The day’s lessons seem to fly by with one exception. Since it is the last day of winter camp (for the freshmen at least), the timetable is slightly different to that of the rest of the week so I cover today’s conversation lesson. NZ2 has told me of the type of speaking activities he’s been doing in class and I work from his notes. However, despite this approach, the lesson appears to be an epic (no pun intended!) fail and the students definitely seem to prefer NZ2 to me.
Today really does not seem to be my day as lunchtime is just as awkward as the conversation class. First, I accidentally snub the gorgeous Mr Maths by not sitting in the seat next to him at lunch (which is apparently where I’m meant to sit following a seating arrangement that I still don’t quite understand), then I discover that, although I’m sitting next to Mr Jeong, I’m also sitting diagonally opposite Six-pack who is sitting between Mr Maths and Mr Baek. It’s not a good chopsticks day for me and my hand is seriously cramping from my iron-tight grip on the chopsticks in an attempt not to embarrass myself. It’s this very sight which seems to amuse Six-pack and Mr Baek (among other teachers) who pass various comments on my chopstick skills. I’m tired and my hand is sore so I’m not in the mood for even joking comments but I try to smile and be gracious about the jokes nonetheless while I feebly attempt to eat some lunch. Before I know it, the day’s lessons are done and it’s time to move to Dandelion Hall for the closing ceremony of the freshmen’s winter camp.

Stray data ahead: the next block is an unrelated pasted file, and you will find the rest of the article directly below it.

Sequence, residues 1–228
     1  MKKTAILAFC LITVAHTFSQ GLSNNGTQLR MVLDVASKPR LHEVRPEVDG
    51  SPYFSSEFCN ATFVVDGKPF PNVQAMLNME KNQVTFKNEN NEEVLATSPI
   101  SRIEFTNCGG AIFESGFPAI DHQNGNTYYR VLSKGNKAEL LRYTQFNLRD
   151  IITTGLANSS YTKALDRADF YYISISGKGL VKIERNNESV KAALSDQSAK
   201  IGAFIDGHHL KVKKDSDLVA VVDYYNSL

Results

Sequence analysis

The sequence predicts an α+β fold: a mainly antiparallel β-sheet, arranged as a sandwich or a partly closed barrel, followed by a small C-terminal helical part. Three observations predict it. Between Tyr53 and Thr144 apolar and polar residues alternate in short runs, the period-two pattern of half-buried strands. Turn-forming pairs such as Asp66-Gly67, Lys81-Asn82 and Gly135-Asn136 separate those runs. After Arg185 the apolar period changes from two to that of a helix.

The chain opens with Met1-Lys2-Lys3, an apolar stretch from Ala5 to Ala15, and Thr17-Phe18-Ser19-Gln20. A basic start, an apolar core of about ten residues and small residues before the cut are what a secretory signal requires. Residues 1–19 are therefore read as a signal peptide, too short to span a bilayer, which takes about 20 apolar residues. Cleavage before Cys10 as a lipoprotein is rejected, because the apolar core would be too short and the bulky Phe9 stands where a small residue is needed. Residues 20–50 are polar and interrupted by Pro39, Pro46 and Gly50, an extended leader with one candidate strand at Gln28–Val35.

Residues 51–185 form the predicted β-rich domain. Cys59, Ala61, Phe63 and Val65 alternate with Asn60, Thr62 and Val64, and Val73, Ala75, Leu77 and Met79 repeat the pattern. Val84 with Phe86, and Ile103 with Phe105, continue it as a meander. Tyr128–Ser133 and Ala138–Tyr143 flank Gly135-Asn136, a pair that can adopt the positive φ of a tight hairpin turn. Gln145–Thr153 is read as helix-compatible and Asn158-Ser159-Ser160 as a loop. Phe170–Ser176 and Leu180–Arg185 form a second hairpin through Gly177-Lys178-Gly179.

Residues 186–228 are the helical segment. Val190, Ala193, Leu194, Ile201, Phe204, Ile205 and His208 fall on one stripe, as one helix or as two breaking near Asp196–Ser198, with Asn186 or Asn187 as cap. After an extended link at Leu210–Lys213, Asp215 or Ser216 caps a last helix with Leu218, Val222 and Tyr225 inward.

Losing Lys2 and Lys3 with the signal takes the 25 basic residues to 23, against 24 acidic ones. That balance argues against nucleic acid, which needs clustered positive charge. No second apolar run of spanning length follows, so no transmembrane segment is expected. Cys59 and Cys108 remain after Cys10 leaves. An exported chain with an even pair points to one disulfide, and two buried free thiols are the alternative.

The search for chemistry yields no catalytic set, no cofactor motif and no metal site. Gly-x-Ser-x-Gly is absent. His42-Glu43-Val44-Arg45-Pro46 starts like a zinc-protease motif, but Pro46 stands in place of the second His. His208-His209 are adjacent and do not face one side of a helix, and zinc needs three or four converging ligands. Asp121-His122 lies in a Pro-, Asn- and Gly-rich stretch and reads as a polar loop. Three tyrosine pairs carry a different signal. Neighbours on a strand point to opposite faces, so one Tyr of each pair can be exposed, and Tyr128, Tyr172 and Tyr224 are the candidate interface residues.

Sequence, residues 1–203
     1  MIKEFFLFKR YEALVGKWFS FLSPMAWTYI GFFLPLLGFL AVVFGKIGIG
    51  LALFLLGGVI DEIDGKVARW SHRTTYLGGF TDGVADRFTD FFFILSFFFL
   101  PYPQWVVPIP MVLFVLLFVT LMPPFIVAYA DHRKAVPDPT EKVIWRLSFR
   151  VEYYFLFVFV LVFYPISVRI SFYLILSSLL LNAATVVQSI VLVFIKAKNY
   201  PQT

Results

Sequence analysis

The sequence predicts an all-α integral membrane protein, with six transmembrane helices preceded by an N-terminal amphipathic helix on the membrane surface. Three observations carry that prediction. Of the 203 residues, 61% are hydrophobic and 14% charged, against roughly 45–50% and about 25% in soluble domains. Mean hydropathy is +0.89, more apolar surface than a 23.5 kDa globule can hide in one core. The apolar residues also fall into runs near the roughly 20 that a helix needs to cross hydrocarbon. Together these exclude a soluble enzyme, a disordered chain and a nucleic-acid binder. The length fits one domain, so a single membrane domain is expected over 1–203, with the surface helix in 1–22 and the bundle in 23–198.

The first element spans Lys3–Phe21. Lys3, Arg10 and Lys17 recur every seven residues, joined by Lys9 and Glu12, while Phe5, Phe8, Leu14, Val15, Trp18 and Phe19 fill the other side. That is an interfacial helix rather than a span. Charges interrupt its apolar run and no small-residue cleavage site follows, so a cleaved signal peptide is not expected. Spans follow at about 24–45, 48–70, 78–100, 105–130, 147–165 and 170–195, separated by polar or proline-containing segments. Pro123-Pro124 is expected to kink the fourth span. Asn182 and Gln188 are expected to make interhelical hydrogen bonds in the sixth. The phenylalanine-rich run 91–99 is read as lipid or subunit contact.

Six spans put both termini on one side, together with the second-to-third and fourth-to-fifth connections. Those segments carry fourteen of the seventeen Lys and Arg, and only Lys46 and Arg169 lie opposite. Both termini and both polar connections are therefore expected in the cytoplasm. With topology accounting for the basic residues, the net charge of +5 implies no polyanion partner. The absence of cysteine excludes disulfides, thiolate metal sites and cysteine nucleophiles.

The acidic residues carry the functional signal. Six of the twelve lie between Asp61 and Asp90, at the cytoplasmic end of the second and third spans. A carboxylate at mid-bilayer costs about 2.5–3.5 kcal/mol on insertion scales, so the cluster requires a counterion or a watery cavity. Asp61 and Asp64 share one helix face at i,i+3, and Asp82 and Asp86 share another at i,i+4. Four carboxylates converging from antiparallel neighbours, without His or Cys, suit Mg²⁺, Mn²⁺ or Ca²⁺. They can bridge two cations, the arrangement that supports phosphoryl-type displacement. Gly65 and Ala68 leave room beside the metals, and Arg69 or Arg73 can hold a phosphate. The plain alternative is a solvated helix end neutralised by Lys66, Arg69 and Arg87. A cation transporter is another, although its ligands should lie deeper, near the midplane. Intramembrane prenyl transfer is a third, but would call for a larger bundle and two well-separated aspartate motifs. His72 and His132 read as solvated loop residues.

Help You? Sure!
On Wednesday and Thursday night, I spent 30 minutes helping a freshmen student to practise his English poem that he is reading in today’s winter camp closing ceremony. My co-teachers seem to find it very strange that I voluntarily came back to school at 19:00 twice in one week just to help a student. What they don’t seem to understand is that the students don’t ask for help very often – at least, not from the foreign teachers – so I jump at every opportunity when they do ask for my help because it shows that I’m not just a non-entity as far as they’re concerned. I only aim to win over one student; anything more is a bonus. The results are also worthwhile: Seeing that student on stage, a little bit more confident thanks to 60 minutes of my time, is far more rewarding that sitting at home playing around on the internet or our drinking with other foreigners.